“I want this record to be a kick in the teeth. I want people to go listen to some other rock record they think is cool, and now that record sounds tame and turned down in comparison.” – Christopher Browder on Doom Loop
Christopher Browder started Mansions as a solo project in 2007 in his native Louisville, KY. Mansions recorded their first “official” record, New Best Friends, in 2008. The record’s release was delayed until the following year, and, anxious to get things moving, Mansions released a brace of EPs to fill the gap. This period of intense creativity changed Browder’s approach to songwriting, and by the time New Best Friends was released the band had already moved past that period in their sound and live performance.
Dig Up The Dead, Mansions sophomore album, was recorded over six months in the various houses and apartments Browder found himself in all across the Southeast. This deeply personal album is a candid and compelling look into a person’s psyche in the midst of growth, accompanied by nostalgia and anxiety. After its recording Browder felt ready for a change, and along with bassist Robin Dove he relocated to Seattle, WA.
The Northwest proved a good fit, but when the time came to write Doom Loop Browder found himself in an unusual situation. As Mansions he’d released over a dozen EPs and played hundreds of live shows, but he was about to write what was only his third proper record. “People started talking about us as a fuzz pop band, but the old records didn’t really sound like that” says Browder – “So we decided to actually make that record.” On Doom Loop Mansions sounds supremely confident, taking certain components that existed on previous releases and bringing them to their more extreme next step based on the live sound forged on the road. Mansions newest release is simultaneously a departure from earlier work while being a logical continuation of Browder’s established aesthetic.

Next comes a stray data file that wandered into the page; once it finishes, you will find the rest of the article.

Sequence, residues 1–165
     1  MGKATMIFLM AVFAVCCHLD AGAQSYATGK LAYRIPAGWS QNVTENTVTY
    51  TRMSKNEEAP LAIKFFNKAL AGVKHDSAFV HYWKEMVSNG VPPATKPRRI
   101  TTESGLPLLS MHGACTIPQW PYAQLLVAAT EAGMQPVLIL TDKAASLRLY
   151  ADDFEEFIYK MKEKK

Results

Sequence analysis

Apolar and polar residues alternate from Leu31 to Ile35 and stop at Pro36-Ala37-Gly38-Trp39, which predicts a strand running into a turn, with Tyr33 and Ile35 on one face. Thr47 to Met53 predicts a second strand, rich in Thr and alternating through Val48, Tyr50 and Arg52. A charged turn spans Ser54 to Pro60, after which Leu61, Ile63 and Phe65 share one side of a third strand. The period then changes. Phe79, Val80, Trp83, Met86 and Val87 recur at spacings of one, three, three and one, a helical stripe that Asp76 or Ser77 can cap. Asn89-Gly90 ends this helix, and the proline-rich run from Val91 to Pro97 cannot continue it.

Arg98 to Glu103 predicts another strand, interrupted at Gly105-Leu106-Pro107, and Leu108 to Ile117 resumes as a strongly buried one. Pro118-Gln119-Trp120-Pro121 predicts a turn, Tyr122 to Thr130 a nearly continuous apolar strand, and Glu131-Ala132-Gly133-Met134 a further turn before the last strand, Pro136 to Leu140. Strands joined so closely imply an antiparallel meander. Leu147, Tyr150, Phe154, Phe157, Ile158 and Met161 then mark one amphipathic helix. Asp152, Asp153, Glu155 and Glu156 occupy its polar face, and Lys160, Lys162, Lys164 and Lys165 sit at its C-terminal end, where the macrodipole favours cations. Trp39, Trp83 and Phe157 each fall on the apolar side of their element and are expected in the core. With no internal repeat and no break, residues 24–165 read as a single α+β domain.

The sonics are thick on Doom Loop, and Browder fears no hook. “I’ve thought about avoiding a big chorus or not being super melodic – but I realized that’s just not who I am” notes Browder. “I like pop songs, yet at the same time I like things a little fucked up and distorted. Might as well run the vocals through a guitar pedal.”
Written and recorded primarily in Browder’s Capitol Hill apartment, the sounds on Doom Loop were shaped by the constraints of the environment. While perhaps not technically correct, creative solutions lead to the creation of one very loud record. With the basic tracking complete, Mansions recruited John Momberg (Appleseed Cast, Koufax) to record the drums and Jim Vollentine (Spoon) to engineer them. Once the drums were in the can Steve McDonald (Redd Kross, OFF!) tackled the final mix.
Noisy and raw, full of shiny, shout-along hooks, and wrapped in a warm fuzz blanket, Doom Loop is immediately engaging. Whether or not all other music will sound tame and turned down in comparison is yet to be determined…
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